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Testing Competitive Market Structures


Author Info

  • Glen L. Urban

    (Massachusetts Institute of Technology)

  • Philip L. Johnson

    (Management Decision Systems, Inc.)

  • John R. Hauser

    (Massachusetts Institute of Technology)


An accurate understanding of the structure of competition is important in the formulation of many marketing strategies. For example, in new product launch, product reformulation, or positioning decisions, the strategist wants to know which of his competitors will be most affected and hence most likely to respond. Many marketing science models have been proposed to identify market structure. In this paper we examine the managerial problem and propose a criterion by which to judge an identified market structure. Basically, our criterion is a quantification of the intuitive managerial criterion that a “submarket” is a useful conceptualization if it identifies which products are most likely to be affected by “our” marketing strategies. We formalize this criterion within the structure of classical hypothesis testing so that a marketing scientist can use statistical statements to evaluate a market structure identified by: (1) behavioral hypotheses, (2) managerial intuition, or (3) market structure identification algorithms. Mathematically, our criterion is based on probabilities of switching to products in the situation where an individual's most preferred product is not available. ‘Submarkets' are said to exist when consumers are statistically more likely to buy again in that ‘submarket' than would be predicted based on an aggregate “constant ratio” model. For example, product attributes (e.g., brand, form, size), use situations (e.g., coffee in the morning versus coffee at dinner), and user characteristics (e.g., heavy versus light users) are specified as hypotheses for testing alternate competitive structures. Measurement and estimation procedures are described and a convergent approach is illustrated. An application of the methodology to the coffee market is presented and managerial implications of six other applications are described briefly.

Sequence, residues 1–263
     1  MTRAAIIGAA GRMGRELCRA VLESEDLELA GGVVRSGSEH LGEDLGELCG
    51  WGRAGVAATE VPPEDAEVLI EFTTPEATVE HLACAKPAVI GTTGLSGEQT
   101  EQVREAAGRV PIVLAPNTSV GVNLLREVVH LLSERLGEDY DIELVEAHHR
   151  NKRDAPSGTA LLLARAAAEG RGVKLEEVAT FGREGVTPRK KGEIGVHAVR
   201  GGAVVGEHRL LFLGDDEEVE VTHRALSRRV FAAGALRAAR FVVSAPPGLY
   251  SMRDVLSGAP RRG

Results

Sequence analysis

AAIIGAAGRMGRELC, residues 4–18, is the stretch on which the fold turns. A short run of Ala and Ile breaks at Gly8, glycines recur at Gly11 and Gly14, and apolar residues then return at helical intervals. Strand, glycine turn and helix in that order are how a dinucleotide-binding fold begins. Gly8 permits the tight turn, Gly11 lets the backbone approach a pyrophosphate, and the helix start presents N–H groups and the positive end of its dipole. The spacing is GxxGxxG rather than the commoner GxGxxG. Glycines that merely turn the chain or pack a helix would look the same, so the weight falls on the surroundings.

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Bibliographic Info

Article provided by INFORMS in its journal Marketing Science.

Volume (Year): 3 (1984)
Issue (Month): 2 ()
Pages: 83-112

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Handle: RePEc:inm:ormksc:v:3:y:1984:i:2:p:83-112

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Related research

Keywords: market structure; competitive strategy; product line; entry opportunities;


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Cited by:
  1. Sri Duvvuri & Thomas Gruca, 2010. "A Bayesian Multi-Level Factor Analytic Model of Consumer Price Sensitivities Across Categories," Psychometrika, Springer, vol. 75(3), pages 558-578, September.
  2. Park, Sehoon & Jain, Dipak & Krishnamurthi, Lakshman, 1998. "A hierarchical elimination modeling approach for market structure analysis," European Journal of Operational Research, Elsevier, vol. 111(2), pages 328-350, December.
  3. A. Prinzie & D. Van Den Poel, 2005. "Incorporating sequential information into traditional classification models by using an element/position- sensitive SAM," Working Papers of Faculty of Economics and Business Administration, Ghent University, Belgium 05/292, Ghent University, Faculty of Economics and Business Administration.
  4. Siebert, Ralph Bernd, 2010. "Learning-by-Doing and Cannibalization Effects at Multi-Vintage Firms: Evidence from the Semiconductor Industry," MPRA Paper 24008, University Library of Munich, Germany.
  5. Park, Namgyoo K. & Cho, Dong-Sung, 1997. "The effect of strategic alliance on performance," Journal of Air Transport Management, Elsevier, vol. 3(3), pages 155-164.
  6. Nobuhiko Terui & Masataka Ban & Toshihiko Maki, 2010. "Finding market structure by sales count dynamics—Multivariate structural time series models with hierarchical structure for count data—," Annals of the Institute of Statistical Mathematics, Springer, vol. 62(1), pages 91-107, February.
  7. Urban, Glen L. & Hulland, John S. & Weinberg, Bruce., 1990. "Modeling, categorization, elimination, and consideration for new product forecasting of consumer durables," Working papers 3206-90., Massachusetts Institute of Technology (MIT), Sloan School of Management.
  8. Krishnamurthi, Lakshman & Raj, S. P. & Sivakumar, K., 1995. "Unique inter-brand effects of price on brand choice," Journal of Business Research, Elsevier, vol. 34(1), pages 47-56, September.
  9. Kannan, P. K. & Yim, Chi Kin (Bennett), 2001. "An investigation of the impact of promotions on across-submarket competition," Journal of Business Research, Elsevier, vol. 53(3), pages 137-149, September.


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